Quit crying about travel! The fans want to see Buffalo vs LA or Philly vs Dallas in playoffs instead of the same boring format they have now.

    Don’t just think about making money. Give the fans what they want!

    What do the rest of you NHL fans think?

    • jimw81 - May 16, 2012 at 5:04 PM

      league has to eilmainate teams in non traditional sports cities. The product will get better.

  9. jimw81 - May 16, 2012 at 4:55 PM

    I think Fehr is more interested in giving the players more power in the league and taking it away from Gary and his lawyers at NHL headquarters. Fehr going to make players suspensions appeals an very important issue. I think he going to the pressure on the small market teams to spend. he did it in mlb cba in which there are penalties for teams that spend at a certain floor i.e. Flordia marlins.

    • atwatercrushesokoye - May 16, 2012 at 5:05 PM

      That’ll be a big sticking point because I’ve heard in the media that the owners want to get rid of the salary floor. There’s all sorts of stories about bottom teams trying to get to that mark, Florida this year was adding players right up until camp to get there (it worked out well for them) or a few years ago the Nashville Predators signed an admitted drug addict just to get to the floor.

      • jimw81 - May 16, 2012 at 5:11 PM

        if you are going to have an salary cap, you got to have a cap floor. If you don’t want a cap floor then get rid of the salary cap. it makes zero sense on owners part.

  10. atwatercrushesokoye - May 16, 2012 at 5:00 PM

    This is very similar to 94, the NHL had a great postseason that year, the Rangers won the cup interest in hockey was up across the board and then they shut the doors. This year the NHL has ratings up across the board and they’re on the cusp of a possible LA v NY final that Bettman probably dreams of and now they’re going to screw it all up again.

    Unfortunately the problem isn’t as simple as getting a pound of flesh from the players in the next CBA, they could do that and they’ll be right back in the same situation when that CBA expires. The real problem is that Bettman decided to expand to too many teams in too many locations that don’t care about hockey, those teams are naturally in financial peril (because no one goes to their games in a ticket revenue driven league) and until they relocate or contract some of those teams the economics of the NHL will always be broken.

    The traditional hockey markets are doing well, Toronto is by far leading the league in revenues, the other Canadian teams are all in or around the top 10, the Rangers are making $5.6 million every playoff game, the rest of the original six and Pennsylvania are doing really well…it’s time for the NHL to really think about whether they want to drag along teams that constantly lose millions of dollars (Phoenix loses $25 million every year, although the playoffs this year likely lessened that) or whether they good of the game, and making the economics of the NHL work, they’re better off cutting 4 teams and relocating a few others to more traditional hockey markets.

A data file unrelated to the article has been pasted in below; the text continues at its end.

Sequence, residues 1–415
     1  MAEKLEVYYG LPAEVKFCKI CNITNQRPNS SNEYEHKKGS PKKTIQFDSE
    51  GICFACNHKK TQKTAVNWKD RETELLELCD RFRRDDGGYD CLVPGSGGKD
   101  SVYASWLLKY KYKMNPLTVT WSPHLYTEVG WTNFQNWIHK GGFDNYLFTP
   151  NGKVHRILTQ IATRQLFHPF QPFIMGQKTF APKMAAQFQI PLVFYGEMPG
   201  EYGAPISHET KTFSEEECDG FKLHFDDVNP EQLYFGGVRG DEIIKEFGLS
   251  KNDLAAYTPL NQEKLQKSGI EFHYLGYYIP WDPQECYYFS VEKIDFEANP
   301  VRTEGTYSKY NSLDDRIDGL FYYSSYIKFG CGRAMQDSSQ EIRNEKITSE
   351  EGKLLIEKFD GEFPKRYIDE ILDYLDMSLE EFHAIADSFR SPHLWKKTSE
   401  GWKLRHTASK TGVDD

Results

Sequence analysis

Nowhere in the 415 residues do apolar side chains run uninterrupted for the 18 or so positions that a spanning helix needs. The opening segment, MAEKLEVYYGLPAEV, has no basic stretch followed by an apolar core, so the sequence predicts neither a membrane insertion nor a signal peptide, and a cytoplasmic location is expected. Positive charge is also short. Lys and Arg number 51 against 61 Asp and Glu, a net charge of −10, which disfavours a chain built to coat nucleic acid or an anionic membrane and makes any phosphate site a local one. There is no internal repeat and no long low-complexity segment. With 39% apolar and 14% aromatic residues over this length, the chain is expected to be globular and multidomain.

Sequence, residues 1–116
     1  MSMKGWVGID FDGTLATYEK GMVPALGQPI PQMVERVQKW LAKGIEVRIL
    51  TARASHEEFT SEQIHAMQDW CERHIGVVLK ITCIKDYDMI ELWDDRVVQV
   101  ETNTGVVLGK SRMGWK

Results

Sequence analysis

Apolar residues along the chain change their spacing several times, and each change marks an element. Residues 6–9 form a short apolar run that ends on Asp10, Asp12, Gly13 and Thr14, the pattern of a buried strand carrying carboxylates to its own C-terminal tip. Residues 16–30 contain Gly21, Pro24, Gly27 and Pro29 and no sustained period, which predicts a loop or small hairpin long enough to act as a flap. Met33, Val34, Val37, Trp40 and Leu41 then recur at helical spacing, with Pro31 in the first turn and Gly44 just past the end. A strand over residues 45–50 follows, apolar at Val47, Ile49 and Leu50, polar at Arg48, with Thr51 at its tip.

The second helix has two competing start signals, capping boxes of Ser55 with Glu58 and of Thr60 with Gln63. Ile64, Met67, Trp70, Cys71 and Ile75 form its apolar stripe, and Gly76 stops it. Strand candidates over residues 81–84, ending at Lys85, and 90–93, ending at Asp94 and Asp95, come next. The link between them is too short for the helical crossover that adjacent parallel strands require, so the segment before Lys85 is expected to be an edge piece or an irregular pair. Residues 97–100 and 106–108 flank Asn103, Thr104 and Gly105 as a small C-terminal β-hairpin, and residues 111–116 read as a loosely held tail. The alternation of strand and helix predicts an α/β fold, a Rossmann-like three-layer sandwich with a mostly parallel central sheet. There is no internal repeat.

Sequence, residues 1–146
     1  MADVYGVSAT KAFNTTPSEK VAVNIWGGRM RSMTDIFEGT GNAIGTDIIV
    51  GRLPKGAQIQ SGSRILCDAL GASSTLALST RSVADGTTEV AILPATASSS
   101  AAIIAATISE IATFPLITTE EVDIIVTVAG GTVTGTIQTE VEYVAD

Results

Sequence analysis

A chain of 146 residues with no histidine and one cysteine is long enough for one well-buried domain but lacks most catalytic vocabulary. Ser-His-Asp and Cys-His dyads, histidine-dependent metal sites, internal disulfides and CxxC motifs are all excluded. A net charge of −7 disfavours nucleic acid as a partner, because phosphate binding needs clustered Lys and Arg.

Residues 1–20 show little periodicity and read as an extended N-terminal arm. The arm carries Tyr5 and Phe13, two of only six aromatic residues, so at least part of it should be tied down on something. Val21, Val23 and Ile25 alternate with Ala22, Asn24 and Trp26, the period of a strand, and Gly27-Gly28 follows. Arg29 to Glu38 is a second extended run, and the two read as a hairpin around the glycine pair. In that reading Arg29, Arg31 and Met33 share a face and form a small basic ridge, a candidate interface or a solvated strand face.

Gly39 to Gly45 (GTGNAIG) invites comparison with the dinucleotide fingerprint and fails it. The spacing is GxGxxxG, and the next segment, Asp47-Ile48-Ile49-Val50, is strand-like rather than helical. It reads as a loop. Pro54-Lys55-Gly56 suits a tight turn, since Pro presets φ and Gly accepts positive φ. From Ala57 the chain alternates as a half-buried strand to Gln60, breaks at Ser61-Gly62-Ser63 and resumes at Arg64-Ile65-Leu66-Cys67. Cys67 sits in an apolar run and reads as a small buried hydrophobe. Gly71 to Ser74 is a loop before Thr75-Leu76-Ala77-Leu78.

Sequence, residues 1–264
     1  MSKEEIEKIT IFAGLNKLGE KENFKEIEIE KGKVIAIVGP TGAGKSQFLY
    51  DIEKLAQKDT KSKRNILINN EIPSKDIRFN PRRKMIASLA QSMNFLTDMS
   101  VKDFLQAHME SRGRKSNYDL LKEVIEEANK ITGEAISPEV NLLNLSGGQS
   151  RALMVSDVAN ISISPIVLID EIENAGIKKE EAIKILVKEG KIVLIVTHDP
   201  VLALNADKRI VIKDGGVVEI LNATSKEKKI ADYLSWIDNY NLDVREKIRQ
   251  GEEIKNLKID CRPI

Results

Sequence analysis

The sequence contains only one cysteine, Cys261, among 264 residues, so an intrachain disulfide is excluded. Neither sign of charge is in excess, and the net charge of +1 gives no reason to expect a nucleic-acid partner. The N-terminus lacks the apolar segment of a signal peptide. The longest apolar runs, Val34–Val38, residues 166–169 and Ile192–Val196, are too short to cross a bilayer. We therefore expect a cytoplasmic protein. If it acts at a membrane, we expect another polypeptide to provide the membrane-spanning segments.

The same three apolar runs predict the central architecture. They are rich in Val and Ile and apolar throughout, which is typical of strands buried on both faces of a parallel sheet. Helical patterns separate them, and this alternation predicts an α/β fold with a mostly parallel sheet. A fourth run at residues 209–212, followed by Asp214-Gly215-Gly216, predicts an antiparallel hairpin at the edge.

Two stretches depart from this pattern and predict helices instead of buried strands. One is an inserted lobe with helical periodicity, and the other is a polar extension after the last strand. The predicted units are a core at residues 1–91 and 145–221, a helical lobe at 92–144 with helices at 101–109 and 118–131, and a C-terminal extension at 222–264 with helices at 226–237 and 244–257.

11. kicksave1980 - May 16, 2012 at 5:19 PM

    What I would love to see is the pre-1994 playoff format. I know that a lot of you will disagree, but for me, the divisional playoff format was the best thing possible. Knowing as a Blackhawks fan that I was guaranteed to see Detroit, St. Louis, Minnesota, Toronto, or Winnipeg in the first and second round was awesome. The hatred was real, both in the stands and on the ice.

    As for expansion, I see a lot of people point fingers at Bettman, but you also have to remember that he works for the owners. I haven’t always been Bettman’s biggest fan, but you’re flat out kidding yourselves if you think that expansion was all his idea, or that he was able to just make it happen. The owners wanted the expansion fees from those cities.

    • atwatercrushesokoye - May 16, 2012 at 11:44 PM

      I agree the divisional matchups in the first two rounds always provided intense rivalries where teams absolutely hated eachother. One point though, Winnipeg wasn’t in the Norris division, they were in the Smythe division. Norris: Detroit, Toronto, Chicago, Minnesota, St. Louis. Smythe: Calgary, Edmonton, LA, Vancouver, Winnipeg

      • kicksave1980 - May 17, 2012 at 4:20 PM

        You’re right…I’m getting old! I remember them in the Central, but forgot that they didn’t come over until the Central/Norris change. Do you remember when Tampa was in the Norris until they were able to be worked in to the Wales? That was crazy.

  12. chiadam - May 16, 2012 at 7:46 PM

    I’ll be stunned if the NHL open the regular season any time before January. The league is still going to be looking for concessions from the players, but the players were annihilated in the last CBA. They might actually be looking to get a little something back. Oh, and Donald Fehr is involved. And Gary Bettman. So…

  13. cgspens - May 17, 2012 at 6:06 AM

    As it always seem to go the people that pay the most are the people that pay the most, the fans. We cough up our hard earned cash for tickets and now have to face another threat of a strike or lockout of the game we love. We hear it from players, coaches, GM’s and owners our fans are the greatest, if so treat us that way.